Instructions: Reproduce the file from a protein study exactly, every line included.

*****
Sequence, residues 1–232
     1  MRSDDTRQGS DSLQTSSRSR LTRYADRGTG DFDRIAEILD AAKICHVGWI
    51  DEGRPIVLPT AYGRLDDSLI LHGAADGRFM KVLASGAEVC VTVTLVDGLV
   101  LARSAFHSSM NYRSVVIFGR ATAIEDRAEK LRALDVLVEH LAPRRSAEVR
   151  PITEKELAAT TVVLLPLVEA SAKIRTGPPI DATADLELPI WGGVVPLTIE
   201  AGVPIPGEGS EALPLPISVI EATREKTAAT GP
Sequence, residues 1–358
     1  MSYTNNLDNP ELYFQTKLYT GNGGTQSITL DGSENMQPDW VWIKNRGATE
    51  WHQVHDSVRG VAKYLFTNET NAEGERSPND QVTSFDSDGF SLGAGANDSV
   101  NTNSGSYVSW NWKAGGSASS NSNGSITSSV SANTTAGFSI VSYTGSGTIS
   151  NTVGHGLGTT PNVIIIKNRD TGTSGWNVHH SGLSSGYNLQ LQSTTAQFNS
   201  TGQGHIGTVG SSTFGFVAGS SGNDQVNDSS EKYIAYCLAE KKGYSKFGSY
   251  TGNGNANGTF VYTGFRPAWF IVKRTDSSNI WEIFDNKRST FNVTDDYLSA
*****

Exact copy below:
Sequence, residues 1–232
     1  MRSDDTRQGS DSLQTSSRSR LTRYADRGTG DFDRIAEILD AAKICHVGWI
    51  DEGRPIVLPT AYGRLDDSLI LHGAADGRFM KVLASGAEVC VTVTLVDGLV
   101  LARSAFHSSM NYRSVVIFGR ATAIEDRAEK LRALDVLVEH LAPRRSAEVR
   151  PITEKELAAT TVVLLPLVEA SAKIRTGPPI DATADLELPI WGGVVPLTIE
   201  AGVPIPGEGS EALPLPISVI EATREKTAAT GP
Sequence, residues 1–358
     1  MSYTNNLDNP ELYFQTKLYT GNGGTQSITL DGSENMQPDW VWIKNRGATE
    51  WHQVHDSVRG VAKYLFTNET NAEGERSPND QVTSFDSDGF SLGAGANDSV
   101  NTNSGSYVSW NWKAGGSASS NSNGSITSSV SANTTAGFSI VSYTGSGTIS
   151  NTVGHGLGTT PNVIIIKNRD TGTSGWNVHH SGLSSGYNLQ LQSTTAQFNS
   201  TGQGHIGTVG SSTFGFVAGS SGNDQVNDSS EKYIAYCLAE KKGYSKFGSY
   251  TGNGNANGTF VYTGFRPAWF IVKRTDSSNI WEIFDNKRST FNVTDDYLSA